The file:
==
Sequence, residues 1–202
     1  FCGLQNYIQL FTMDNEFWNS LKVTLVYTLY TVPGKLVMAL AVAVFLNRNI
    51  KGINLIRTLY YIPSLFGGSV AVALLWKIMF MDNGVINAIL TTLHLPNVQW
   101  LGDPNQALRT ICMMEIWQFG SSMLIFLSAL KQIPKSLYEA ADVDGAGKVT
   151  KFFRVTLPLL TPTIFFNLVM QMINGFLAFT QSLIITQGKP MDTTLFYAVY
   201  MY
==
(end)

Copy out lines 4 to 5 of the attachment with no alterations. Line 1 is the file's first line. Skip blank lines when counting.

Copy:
   101  LGDPNQALRT ICMMEIWQFG SSMLIFLSAL KQIPKSLYEA ADVDGAGKVT
   151  KFFRVTLPLL TPTIFFNLVM QMINGFLAFT QSLIITQGKP MDTTLFYAVY